In 2000, the United Nations General Assembly proclaimed December 18 as International Migrants Day, to “…continue trying to ensure respect for the human rights and fundamental freedoms of all migrants.” According to the UN, there are 272 million migrants in the world, 80% more than 20 years ago, but they represent only 3.5% of the world’s population. Around 31 million migrants are children who, in many cases, are alone.
Beyond the statements and formalities, there is nothing to celebrate and there are plenty of reasons to protest. Migration is an elementary human right, whether to seek better living conditions, or to flee from war, political persecution, torture, misery or any democratic or social horror. However, the European Union, the United States and other world powers exercise brutal migration controls that cause suffering and death to many in their attempt to cross borders.
In 2019, the IOM estimated that 3,160 migrants had died or disappeared around the world that year. Shamefully, the limits of the so-called “advanced democracies” in the “First World countries” are the scenes of anti-human barbarism. The Mediterranean is a mass grave for African migrants, with approximately 20,000 deaths in the last seven years. The “Atlantic Route” to the Canary Islands, through which more and more improvised boats sail, with more desperate people, is also becoming the final destination of many lives. The same happens with a large number of Venezuelans who are shipwrecked trying to reach Trinidad and Tobago.
The European Union, far from extending a helping hand to newcomers, has become a fortress whose gendarmes are the governments, the right and the extreme right. With varying intensity and in various forms, they reject rescues on the high seas, close their ports, execute “immediate” returns of people, and promote or allow criminal xenophobic policies. European imperialism also delegates the repressive control of its own borders to countries such as Libya, Turkey, Morocco or Niger.
With Donald Trump as president, the United States also contends the first place in horror, with its wall on the border with Mexico where hundreds of people die each year and the brutal measures taken against migrants, mainly from Latin America. Another humanitarian drama has refugees as victims. According to data from the United Nations High Commissioner for Refugees (UNHCR), there are 70.8 million people who have been forced to flee their homes, 25.9 million of whom are refugees outside the borders of their countries of origin. Just to take an example, more than 11 million people have fled from Syria, Afghanistan and South Sudan, some of whom live in precarious camps, like those set up in Greece.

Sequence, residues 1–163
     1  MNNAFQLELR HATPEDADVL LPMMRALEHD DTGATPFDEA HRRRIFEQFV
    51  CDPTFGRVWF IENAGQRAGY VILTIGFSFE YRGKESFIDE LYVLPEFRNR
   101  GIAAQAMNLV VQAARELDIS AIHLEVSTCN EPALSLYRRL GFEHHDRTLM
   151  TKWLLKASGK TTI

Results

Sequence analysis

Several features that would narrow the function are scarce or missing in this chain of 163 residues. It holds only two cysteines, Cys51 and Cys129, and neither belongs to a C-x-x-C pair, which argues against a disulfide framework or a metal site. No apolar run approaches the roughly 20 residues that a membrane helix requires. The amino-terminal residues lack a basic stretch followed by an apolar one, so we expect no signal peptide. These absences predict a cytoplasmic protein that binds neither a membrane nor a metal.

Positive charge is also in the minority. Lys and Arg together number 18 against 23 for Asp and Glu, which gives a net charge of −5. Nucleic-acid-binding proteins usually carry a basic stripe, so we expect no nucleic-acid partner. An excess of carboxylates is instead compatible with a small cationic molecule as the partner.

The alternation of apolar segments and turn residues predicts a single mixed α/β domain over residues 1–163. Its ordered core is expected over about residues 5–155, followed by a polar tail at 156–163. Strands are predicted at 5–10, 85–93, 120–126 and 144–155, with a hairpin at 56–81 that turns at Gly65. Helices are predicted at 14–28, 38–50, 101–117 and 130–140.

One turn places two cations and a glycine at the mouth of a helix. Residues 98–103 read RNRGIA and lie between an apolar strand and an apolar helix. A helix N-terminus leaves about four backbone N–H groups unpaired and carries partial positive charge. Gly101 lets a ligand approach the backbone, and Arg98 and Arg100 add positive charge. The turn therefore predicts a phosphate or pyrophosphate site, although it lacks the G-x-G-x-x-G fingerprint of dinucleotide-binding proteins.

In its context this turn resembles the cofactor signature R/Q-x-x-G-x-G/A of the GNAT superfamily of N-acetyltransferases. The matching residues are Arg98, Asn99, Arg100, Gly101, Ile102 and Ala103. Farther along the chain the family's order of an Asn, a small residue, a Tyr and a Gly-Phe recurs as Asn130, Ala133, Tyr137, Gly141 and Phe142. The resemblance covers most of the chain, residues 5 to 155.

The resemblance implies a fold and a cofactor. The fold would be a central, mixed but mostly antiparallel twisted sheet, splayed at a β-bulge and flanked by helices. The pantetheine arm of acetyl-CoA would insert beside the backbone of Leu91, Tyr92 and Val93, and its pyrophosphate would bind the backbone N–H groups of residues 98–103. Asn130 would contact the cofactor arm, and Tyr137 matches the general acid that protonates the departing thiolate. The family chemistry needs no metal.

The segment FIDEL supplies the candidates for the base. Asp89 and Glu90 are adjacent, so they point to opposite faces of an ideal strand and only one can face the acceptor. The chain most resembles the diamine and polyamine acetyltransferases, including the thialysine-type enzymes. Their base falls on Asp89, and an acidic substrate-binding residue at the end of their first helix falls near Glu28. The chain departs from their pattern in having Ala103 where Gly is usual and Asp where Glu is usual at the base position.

People who manage to arrive and remain in their destination are subjected to brutal exploitation, are singled out and persecuted, minors are interned, democratic and social rights are curtailed. The sectors of the right and the far right are the main cultivators of xenophobia, while social democracy and the reformist center-left make declarations and take partial measures that solve none of the underlying problems. In countries like Spain, where the PSOE-UP coalition governs, deportations are carried out and the immigration law exists as a tool against human rights. It is no coincidence that the death of Nicaraguan Eleazar Blandón in that country has not yet been clarified. Eleazar was abandoned from a van at the door of a health center in Murcia, where he worked as a day laborer in deplorable conditions. It is no coincidence that Fatima, a temporary strawberry worker of Moroccan origin, was abandoned and died in Huelva, once his exploiters learned that he was suffering from cancer. Nor is it coincidence that a fire on a ship in Badalona, caused the death of immigrants and poor people. All these calamities inflicted on the most vulnerable have deepened with the pandemic and the health, economic and social crisis.
At the same time, immigrants organize and receive the mobilized solidarity of millions of people around the world, who demand respect for human and social rights and maintain that “no person is illegal.” The underlying problem is the capitalist-imperialist system, with its national borders created to divide workers and the peoples, to exploit and oppress them. This system must be defeated so that it does not lead humanity into barbarism. From the International Socialist League we support the demands of immigrants, their struggles and the full recognition of their rights, which will only be fully obtained in a different, just and supportive system: socialism with democracy in a world without borders.